Sir Arthur Guinness was born in Celbridge, Co. Kildare, in the Irish midlands on 28th September 1725.
From small beginnings.
As with most historic trades, Arthur Guinness learned the craft of brewing from his father Richard, who among other tasks performed as the steward on the estate of Dr. Arthur Price, Archbishop of Cashel, brewed beer for the workforce.
But although young Arthur was not attracted to pursuing a farming career like his father, he would go on to play a significant role in Irish agriculture particularly in the rich grain growing areas of the country. His sights were set on the city of Dublin where he would lay the foundation of an idea that he envisaged would grow in Ireland and spread out around the world.
With little else than a perfected brewing craft and a determination to succeed, the ambitious 34 year-old leased the old run down brewery at St. James Gate for an annual rent of £45. It was almost derelict with no plant or equipment but it had two attractions for Arthur. The location was perfect and the 4 acres that surrounded it would come in very handy for future expansion.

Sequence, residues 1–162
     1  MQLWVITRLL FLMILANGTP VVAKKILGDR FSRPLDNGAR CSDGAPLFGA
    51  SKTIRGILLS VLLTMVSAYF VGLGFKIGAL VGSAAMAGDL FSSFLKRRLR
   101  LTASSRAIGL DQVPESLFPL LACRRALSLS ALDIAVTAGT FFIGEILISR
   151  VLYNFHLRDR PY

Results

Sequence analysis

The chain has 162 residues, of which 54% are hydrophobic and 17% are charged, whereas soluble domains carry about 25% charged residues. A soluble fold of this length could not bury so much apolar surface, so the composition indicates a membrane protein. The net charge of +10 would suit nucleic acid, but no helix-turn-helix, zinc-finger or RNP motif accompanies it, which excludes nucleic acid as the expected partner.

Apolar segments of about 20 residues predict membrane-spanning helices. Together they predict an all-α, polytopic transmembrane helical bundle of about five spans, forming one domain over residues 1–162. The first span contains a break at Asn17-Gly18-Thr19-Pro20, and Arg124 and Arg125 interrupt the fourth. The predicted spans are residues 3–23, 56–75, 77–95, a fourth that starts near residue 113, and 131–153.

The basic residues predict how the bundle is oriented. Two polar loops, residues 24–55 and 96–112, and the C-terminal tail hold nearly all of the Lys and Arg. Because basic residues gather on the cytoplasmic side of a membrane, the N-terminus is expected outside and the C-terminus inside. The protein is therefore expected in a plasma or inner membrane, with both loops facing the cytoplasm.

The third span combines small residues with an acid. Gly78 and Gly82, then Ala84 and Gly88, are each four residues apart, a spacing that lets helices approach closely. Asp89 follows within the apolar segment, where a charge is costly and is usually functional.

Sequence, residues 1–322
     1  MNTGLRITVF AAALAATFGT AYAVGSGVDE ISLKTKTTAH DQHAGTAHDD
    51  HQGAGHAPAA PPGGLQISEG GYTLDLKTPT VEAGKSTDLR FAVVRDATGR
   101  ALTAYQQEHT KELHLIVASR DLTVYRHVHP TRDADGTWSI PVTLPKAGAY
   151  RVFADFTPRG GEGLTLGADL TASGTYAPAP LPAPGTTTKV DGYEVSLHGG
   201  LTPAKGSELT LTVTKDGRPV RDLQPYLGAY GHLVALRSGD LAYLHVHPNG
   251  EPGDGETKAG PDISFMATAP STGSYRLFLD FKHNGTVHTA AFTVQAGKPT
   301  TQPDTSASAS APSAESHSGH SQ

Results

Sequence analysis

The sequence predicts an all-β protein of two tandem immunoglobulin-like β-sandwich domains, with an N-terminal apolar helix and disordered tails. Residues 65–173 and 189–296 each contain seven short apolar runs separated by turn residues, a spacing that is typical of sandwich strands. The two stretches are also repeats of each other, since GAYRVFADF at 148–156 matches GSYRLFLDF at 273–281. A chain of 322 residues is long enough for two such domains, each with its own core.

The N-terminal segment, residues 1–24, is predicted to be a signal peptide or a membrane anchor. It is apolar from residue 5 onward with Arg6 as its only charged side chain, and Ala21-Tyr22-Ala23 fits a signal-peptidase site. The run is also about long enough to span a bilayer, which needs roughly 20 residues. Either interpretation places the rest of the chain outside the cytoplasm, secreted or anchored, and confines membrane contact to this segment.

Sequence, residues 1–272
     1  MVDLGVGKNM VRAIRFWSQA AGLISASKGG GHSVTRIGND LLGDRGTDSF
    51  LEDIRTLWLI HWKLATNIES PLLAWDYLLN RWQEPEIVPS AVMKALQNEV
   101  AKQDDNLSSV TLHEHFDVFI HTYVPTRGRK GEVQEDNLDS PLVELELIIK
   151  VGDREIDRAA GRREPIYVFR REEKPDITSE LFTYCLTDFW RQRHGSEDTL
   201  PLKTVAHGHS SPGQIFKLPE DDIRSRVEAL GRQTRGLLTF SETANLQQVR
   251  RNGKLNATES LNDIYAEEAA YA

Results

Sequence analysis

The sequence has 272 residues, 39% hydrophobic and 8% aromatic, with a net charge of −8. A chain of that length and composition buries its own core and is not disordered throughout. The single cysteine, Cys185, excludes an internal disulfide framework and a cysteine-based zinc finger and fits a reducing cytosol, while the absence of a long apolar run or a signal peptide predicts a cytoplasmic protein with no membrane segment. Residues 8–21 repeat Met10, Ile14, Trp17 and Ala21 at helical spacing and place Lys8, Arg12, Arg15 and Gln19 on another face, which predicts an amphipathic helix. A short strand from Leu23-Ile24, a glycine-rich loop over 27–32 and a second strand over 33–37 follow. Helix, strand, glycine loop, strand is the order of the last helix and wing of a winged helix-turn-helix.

He began brewing ale but as a true innovator he was constantly on the look out for a new beer that would set him apart from all others and launch him on a path to fame and fortune.
A dark beer from London began to gain popularity in Dublin among street and river porters and for that reason got the name of ‘Porter.’ It soon grabbed the attention of young Arthur who saw it as the ideal product to study and develop, and market it widely. He took the courageous choice to stop brewing ales and concentrate on perfecting his bold, black beer. As the saying goes: ‘The Rest is History.’
From those small beginnings the brewery grew in size, stature and production, providing wonderful employment for the workers of Dublin and lucrative grain growing contracts for the farmers of Ireland. In just 10 years ‘Guinness’ was firmly established in Ireland and was a favourite among the enlightened beer drinkers of England.
The iconic ‘Pint of Guinness’ was soon to be enjoyed around the world from Europe to Africa and The Americas and all the way to Australia and New Zealand.
The brewery became the largest in the world and from a derelict building with 4 acres it is now the biggest tourist attraction in the city of Dublin with visitors flocking in from all corners of the world to be captivated by the astonishing creation of the long gone Irish visionary, Arthur Guinness.